“70,000 won for a bag of sweets? A robbery without a knife”…the rage of the human theater ‘Sweets King’
In the midst of the Baji controversy, where old-fashioned sweets were sold at 4,499 won for 100 grams at the Sannamul Festival in Nokyung, Gyeongsangbuk-do, saying that they were “more expensive than beef,” Kang Sung-gu, who became a “snack king” at a market in Iksan-si, Jeollabuk-do, publicly criticized the vendor, saying, “If they (the vendor) makes any more excuses, I will reveal the unit price of the sweets.
Mr. Kang made headlines in 2016 when he appeared on KBS1’s “Human Theater” as a “confectionery king” who attracted customers with his generosity of spirit and pleasant mouth.
Mr. Kang Sung-koo runs a confectionery store in Iksan Traditional Market. [Photo source=Capture from YouTube ‘KBS HUMAN: Munchle TV’].
The controversy over old-fashioned sweets began on KBS2’s “1 Night 2 Days,” which aired on April 4. When the cast went to a market in Antelope County to buy three bags of old-fashioned sweets, the vendor asked for 70,000 won for a bag, and after haggling, they bought the sweets for 140,000 won, which led to the Antelope County apologizing to the public.
Kang posted the entire episode of “1 Night 2 Days” on his Instagram and wrote, “4499 won for 100 grams, 50,000 won for 1 kilogram. Typical foolish business!” he wrote.
He continued, “A snack that sells for 1500 won for 100 grams is 4499 won for the Antelope Army Festival? The unit price is evil. “Thanks to people like this, I always make a lot of money selling 100 grams of expensive seeds for 1,500 won,” he said.
He said, “It’s not just a knife, it’s a robbery. ‘Paltu’ that sells and bounces'”.
Mr. Kang said, “You can do wrong, you can make mistakes. It’s right to apologize without making excuses.”
In response to the company’s explanation that “it was difficult to do business due to the corona, so I sold it like this,” Kang said, “In 16 years of business, I won the corona and won the recession. I sold it even if it didn’t sell, and I sold it even if it didn’t stay. Even if you lose money, (customers) will come back next time,” he said, warning, “If you make any more excuses, I will reveal the price of the sweets.”
Mr. Kang said, “We need to root out foolish business and fraudulent business. It is true that the price of sweets has increased due to the rise in inflation, but they (nutrition market vendors) do business in their own way,” he said, pointing out, “We cannot allow them to let their guard down and shamelessly take money for sweets.”
He also said, “Today is not the only day. Just as the clouds open up tomorrow, there are days when business is not good,” he said, adding, “I will take the lead until foolish, fake, and inconvenient businesses are eradicated.”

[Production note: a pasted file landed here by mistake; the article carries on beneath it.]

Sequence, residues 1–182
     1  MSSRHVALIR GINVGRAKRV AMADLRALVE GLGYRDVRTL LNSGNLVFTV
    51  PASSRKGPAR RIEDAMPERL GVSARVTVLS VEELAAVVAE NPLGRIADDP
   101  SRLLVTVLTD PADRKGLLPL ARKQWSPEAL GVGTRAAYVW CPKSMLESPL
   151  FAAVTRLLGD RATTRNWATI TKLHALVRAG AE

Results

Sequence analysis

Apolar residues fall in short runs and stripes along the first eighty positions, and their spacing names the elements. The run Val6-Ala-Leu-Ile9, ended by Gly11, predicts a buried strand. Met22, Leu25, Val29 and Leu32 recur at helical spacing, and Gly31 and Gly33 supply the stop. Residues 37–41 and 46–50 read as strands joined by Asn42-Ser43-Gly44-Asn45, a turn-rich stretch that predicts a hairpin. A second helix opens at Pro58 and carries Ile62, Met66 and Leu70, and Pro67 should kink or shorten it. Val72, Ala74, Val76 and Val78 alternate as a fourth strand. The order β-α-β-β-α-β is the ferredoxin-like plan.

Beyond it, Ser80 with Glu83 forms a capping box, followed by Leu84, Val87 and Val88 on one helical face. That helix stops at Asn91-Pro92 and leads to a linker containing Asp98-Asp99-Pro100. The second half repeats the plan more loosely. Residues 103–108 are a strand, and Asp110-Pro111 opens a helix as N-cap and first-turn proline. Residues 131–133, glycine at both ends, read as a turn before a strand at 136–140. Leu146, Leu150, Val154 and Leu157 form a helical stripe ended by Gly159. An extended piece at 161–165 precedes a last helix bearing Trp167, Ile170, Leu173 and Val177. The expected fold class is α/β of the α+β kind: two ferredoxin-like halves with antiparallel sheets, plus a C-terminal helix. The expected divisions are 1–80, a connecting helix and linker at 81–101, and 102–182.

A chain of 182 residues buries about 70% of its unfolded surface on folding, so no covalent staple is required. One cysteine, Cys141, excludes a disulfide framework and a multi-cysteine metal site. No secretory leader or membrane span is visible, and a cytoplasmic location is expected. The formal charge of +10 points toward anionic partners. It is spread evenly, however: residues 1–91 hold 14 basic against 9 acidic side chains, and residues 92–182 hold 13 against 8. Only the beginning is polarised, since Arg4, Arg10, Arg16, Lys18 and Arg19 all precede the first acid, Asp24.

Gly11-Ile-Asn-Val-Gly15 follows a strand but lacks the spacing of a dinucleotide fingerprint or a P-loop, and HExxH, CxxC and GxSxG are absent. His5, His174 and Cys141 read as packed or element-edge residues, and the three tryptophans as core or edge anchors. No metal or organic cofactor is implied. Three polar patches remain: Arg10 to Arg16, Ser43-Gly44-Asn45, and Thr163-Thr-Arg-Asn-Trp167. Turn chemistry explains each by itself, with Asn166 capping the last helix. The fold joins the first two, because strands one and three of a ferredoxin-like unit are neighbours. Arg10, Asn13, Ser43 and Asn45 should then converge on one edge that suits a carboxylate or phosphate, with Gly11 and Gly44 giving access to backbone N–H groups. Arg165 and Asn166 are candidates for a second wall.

Netizens commented with words of support, such as메이저놀이터, “I thought of you as soon as I saw ‘1 Night 2 Days'” and “I’m worried that you will be harmed.”
Nutong County Government apologizes to the public, “We will establish commercial order to prevent recurrence”
A view of the Antelope County Government Office [Image source: Getty].
Meanwhile, North Gyeongsangbuk-do’s Noryang-gun issued a belated apology to the public for the controversy over the traditional market.
A representative from the Culture and Tourism Division of the Nutrition County Government posted a “Nutrition County Apology to the Public (1 Night and 2 Days of Broadcasting, Old Snack Baji Controversy)” on the county government’s bulletin board on the 6th.
“We sincerely apologize for causing the public concern,” the county said, adding, “We acknowledge that it was inappropriate to mention the incident as if it was only a problem with outside vendors in the clarification materials distributed on the 5th, and we apologize again.”
The day before, Antelope County said on its website, “The vendor who sold the old sweets for 140,000 won is an outside vendor. It has nothing to do with the vendors of the Nyangyang Traditional Market,” but it was unable to escape the blame game.
“To prevent the same thing from happening again, our military will take measures to establish a commercial order that meets the eyes of the public so that trust with the public can be preserved,” the military said. “Also, our military will take this opportunity to review not only mobile vendors, but all businesses such as traditional markets and restaurants, and do our best to be reborn as a county that the public can trust and visit.”